WASHINGTON — More certainty about what constitutes being a good neighbor in the broadband spectrum will spur innovation and efficiency, experts told members of House Subcommittee on Communications and Technology Thursday.
But when the company — or technology — that might occupy the spectrum adjacent to you in five years may not even exist yet, this makes defining boundaries particularly challenging.
“Demand for spectrum is far outpacing supply, and we need to figure out how to use the room we have as effectively as possible," said committee Chairman Rep. Greg Walden, R-Hood River.
Thursday’s hearing, part of a series Walden has held that examines America’s broadband spectrum policies, focused on the role of receivers, and whether regulations could be imposed on them to facilitate more efficient spectrum use.
Physicist Pierre de Vries, a senior adjunct fellow at the Silicon Flatirons Center for Law, Technology and Entrepreneurship at the University of Colorado, said it was important to set a standard “harm claim threshold" for the amount of interference allowable between neighboring spectrum users.
“This gives manufacturers and operators the information they need to figure out the best way to tolerate potentially interfering signals in adjacent bands, including by improving the performance of their receivers," he said.
Traditionally, the Federal Communications Commission has used several strategies for monitoring spectrum usage, said Ronald Repasi, deputy chief of the FCC Office of Engineering and Technology.
First, it has tried to assign similar users to the same bands, so that cellphone carriers occupy one area while television broadcasters operate in another, he said. Second, it has imposed limits on transmissions so that they don’t create interference outside their designated frequency bands. Third, it has assigned “guard bands" between adjacent users, to keep signals from creeping into and disrupting transmissions in other bandwidths.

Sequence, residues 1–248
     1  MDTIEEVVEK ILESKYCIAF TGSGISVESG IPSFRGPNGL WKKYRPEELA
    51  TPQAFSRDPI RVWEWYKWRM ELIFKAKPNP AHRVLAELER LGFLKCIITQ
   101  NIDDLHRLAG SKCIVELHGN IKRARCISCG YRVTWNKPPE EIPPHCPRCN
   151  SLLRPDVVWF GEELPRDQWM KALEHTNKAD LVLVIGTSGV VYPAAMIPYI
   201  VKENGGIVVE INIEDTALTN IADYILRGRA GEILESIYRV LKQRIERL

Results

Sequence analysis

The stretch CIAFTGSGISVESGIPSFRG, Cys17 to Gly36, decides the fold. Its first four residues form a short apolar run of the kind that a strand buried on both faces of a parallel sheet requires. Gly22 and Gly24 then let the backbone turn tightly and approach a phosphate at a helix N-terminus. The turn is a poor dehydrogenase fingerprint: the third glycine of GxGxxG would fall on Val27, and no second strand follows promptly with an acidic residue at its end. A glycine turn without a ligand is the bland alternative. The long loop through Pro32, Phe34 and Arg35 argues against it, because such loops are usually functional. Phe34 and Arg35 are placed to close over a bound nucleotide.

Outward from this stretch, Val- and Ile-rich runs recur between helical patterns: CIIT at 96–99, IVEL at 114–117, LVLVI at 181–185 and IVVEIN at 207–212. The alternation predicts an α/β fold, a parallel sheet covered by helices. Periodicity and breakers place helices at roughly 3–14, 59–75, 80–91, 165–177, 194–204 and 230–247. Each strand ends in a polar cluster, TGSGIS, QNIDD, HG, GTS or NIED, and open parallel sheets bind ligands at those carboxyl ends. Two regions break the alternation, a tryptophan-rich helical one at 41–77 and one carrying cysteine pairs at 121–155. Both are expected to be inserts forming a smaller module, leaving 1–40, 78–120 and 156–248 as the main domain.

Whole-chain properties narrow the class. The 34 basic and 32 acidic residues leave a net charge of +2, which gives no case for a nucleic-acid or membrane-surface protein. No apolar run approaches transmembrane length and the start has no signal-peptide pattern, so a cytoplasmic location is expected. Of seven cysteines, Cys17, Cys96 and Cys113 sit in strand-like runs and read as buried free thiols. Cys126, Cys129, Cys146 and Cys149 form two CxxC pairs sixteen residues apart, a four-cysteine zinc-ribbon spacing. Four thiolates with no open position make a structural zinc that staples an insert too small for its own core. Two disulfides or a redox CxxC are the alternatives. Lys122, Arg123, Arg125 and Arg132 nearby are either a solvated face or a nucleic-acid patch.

“There is no question that, without concerted action, the demand for mobile broadband spectrum would quickly outpace the available supply," he said.
By way of analogy: If the broadband spectrum was like your FM radio dial, the FCC would tell businesses where they could set up, how powerful their signal could be and how close they could be to another station. However, if the receivers (in this example, the radios, but really for any device like a smartphone or tablet) could be improved to better distinguish between signals, then the signals could be stronger and closer together, which would create more usable space on the dial.
Where the analogy falls down is that it assumes that all users of the broadband spectrum are in the same industry, or using the same technology, which they are not.
In a real-life example, a company called LightSquared recently tried to launch a wholesale 4G wireless network in a specific band of the spectrum, only to find that its use was disrupting global positioning systems, or GPS, in a nearby part of the spectrum. When the Defense Department and other government users complained about the disruptions, the FCC pulled LightSquared’s permission to use its allocated bandwidth, and the company filed for bankruptcy earlier this year.
Brian Markwalter, the Consumer Electronics Association’s vice president of research and standards, said that while multiple users of the same spectrum, such as cellphone carriers, have worked well together within the same industry to develop technology that allows them to operate in the same area, developers don’t typically pay attention to how another industry may plan to use a neighboring slice of bandwidth.
He encouraged the subcommittee members to let industry develop the performance benchmark for receivers rather than having them imposed by the FCC.
“Inappropriate regulations reduce flexibility for innovation in an area that is inherently vibrant," he said. “The FCC should encourage industry, through voluntary standards-setting organizations, to lead efforts to create voluntary receiver performance guidelines based on projected spectrum environments."
Walden learned Wednesday that Rep. Fred Upton, R-Mich., the chairman of the House Committee on Energy and Commerce, had tapped him to serve another two-year term as chairman of the Communications and Technology subcommittee.
In his remarks Thursday, Walden indicated that as subcommittee chairman, he plans to continue to focus on broadband spectrum.
“Telecommunications is the most vibrant and innovative (economic) sector in America. Spectrum is the fuel that it runs on, but there’s a limit to our supply. As our subcommittee continues to work to free up more spectrum, we are also focused on maximizing use of existing spectrum."